It’s a rain-drenched July afternoon.
A knock on the door shakes me out of slumber.
Such an ideal weather isn’t it, Satapathy Aunty greets me with her smile as I open the door, to curl up under the blanket with a book and drift into blissful sleep.
I smile back.
Come inside Aunty, I request. The rains have now weakened to a nagging drizzle. Let me make a masala chai for you.
Another day, Aunty replies, I came to ask you to come over with me.
We walk, colourful umbrellas in tow, through the mellow rain.
The dustbowl that this was even a month ago, is now a canvass of lush vibrant green – a myriad shades of resplendent green that only the supreme maestro’s brush could ever have portrayed.
Aunty starts humming a tune.
My vacant expression gives it away.
Have you not heard Pandit Raghunath Panigrahis Geet Govindam renditions ?
I nod my head.
Time for ginger tea, Aunty declares once we are indoors. She hands me a towel before heading to the kitchen.
We sit in the welcoming shade of the balcony that overlooks the garden.
The ancient ceiling fan whirls far above.
The swarna champa tree has just started flowering.
The frangipani is in gorgeous bloom, her intoxicating perfume wafting to the corridor.
Two rain-soaked doves wait despondently for the rains to subside.
A melancholy cuckoo pines for his lover.
The tea arrives. Piping hot. Accompanied with a plate of goodies.
Tagore has a treasure trove of compositions, doesn’t he, celebrating the rains ? Aunty asks.
You are blessed, she continues, staring listlessly into the watercolour-smudged horizons, reading Tagore in Bengali must be such a sublime experience, translations are never quite the same.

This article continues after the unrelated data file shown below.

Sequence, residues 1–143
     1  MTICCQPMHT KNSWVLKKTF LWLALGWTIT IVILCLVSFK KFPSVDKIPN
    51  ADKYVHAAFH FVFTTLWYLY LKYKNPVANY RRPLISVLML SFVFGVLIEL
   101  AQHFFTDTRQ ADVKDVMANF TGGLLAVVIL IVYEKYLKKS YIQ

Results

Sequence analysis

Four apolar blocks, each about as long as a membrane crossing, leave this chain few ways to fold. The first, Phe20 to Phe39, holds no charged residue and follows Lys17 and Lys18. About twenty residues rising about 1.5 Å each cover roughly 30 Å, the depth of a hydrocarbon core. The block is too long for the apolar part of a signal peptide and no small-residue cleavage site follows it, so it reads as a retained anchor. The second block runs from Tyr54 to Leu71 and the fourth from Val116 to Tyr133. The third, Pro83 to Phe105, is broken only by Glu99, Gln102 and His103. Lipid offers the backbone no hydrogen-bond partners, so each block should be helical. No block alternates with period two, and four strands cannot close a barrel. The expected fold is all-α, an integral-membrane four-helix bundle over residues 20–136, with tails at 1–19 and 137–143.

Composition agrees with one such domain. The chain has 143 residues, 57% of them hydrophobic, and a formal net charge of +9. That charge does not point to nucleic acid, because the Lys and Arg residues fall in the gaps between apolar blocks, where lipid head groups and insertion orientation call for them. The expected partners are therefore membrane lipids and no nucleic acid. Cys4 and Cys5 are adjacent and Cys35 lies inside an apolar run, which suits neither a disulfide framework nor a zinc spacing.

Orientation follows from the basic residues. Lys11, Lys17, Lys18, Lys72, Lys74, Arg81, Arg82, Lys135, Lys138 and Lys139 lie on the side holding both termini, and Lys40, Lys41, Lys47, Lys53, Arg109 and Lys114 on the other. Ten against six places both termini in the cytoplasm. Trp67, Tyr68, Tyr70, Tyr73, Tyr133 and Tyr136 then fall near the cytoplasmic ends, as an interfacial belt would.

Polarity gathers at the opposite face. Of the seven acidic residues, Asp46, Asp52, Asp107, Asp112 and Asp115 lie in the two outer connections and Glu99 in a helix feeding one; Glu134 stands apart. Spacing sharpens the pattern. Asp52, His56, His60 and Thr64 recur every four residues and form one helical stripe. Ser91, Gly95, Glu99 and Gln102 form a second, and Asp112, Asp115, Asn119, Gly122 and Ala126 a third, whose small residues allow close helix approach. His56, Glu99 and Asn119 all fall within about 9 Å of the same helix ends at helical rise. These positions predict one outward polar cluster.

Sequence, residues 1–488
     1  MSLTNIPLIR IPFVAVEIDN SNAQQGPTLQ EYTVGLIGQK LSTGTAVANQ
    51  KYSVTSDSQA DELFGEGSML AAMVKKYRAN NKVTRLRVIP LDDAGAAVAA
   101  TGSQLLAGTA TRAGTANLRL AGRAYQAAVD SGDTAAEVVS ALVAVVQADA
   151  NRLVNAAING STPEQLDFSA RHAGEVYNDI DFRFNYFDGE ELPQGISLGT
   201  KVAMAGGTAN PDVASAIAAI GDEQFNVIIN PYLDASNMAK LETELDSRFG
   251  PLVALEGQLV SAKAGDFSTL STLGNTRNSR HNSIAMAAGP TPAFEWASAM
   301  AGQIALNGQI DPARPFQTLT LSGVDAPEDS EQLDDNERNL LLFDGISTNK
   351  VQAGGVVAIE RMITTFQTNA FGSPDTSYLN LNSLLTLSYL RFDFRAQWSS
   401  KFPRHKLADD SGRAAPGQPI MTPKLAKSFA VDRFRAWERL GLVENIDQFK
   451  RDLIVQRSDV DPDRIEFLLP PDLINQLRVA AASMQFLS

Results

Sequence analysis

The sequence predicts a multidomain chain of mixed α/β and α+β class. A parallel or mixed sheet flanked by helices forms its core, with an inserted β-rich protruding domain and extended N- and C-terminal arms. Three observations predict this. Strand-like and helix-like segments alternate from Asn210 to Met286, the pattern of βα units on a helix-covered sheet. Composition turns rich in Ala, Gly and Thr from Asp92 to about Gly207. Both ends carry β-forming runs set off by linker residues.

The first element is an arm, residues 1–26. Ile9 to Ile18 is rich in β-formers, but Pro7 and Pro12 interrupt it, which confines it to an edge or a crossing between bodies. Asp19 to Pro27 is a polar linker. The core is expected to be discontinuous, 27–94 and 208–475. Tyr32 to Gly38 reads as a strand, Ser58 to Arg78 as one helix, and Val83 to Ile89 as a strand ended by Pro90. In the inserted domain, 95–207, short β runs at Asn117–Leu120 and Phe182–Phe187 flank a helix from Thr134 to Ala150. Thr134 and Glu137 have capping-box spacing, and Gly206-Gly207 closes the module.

And look at what I made this morning.
Teler Pitha, I respond, ecstatic to see the fried delicacies that Grandma would religiously make during Sankranti.
Well, they are near about the same, I believe, Aunty answers, we call them Arisa Pitha in Orissa.
One of Lord Jagannath’s favourites. A bhog to the Lord at my home would never be complete without the Arisa Pitha.
Arisa Pitha. A symphony of freshly ground rice flour and jaggery. Topped with toasted sesame seeds. Fried to a gorgeous golden. Earthy yet delectable. Another quintessential Odiya favourite !!
- 1 cup rice flour
- 1/2 cup jaggery cut into small pieces
- 3 tbsp white sesame seeds lightly toasted
- 3 tbsp ghee
- oil for frying
- Take 1.5 cups of water in a pan, add the jaggery, allow to simmer over a medium flame till the jaggery dissolves completely. Give it an occasional stir, what you want is a jaggery syrup of about a 1-thread consistency.
- Add the rice flour and 0.5 tbsp of ghee to the jaggery syrup, sprinkle 2 tbsp of toasted sesame seeds, give it a hearty mix, cook another 5 minutes or so.
- Now switch off the flame, cover the pan, allow to rest for 10 minutes or so. If it is too dry, feel free to add a splash of warm water.
- Mix well to form a soft dough.
- Take a small portion of the dough, grease with a little ghee, gently shape into a 2.5 inch disc. Top with sesame seeds. Repeat for rest of the dough.
- Heat the oil and 2 tbsp ghee in a pan over a low flame till just warm. (Take care to not over-heat the oil. If the oil is very hot, the outside of the pitha shall brown very quickly while the inside shall remain uncooked.)
- Fry the pitha over a low flame till it fluffs up and gradually rises to the surface. Continue frying patiently till the pitha is gorgeous golden on all sides. Serve at room temperature.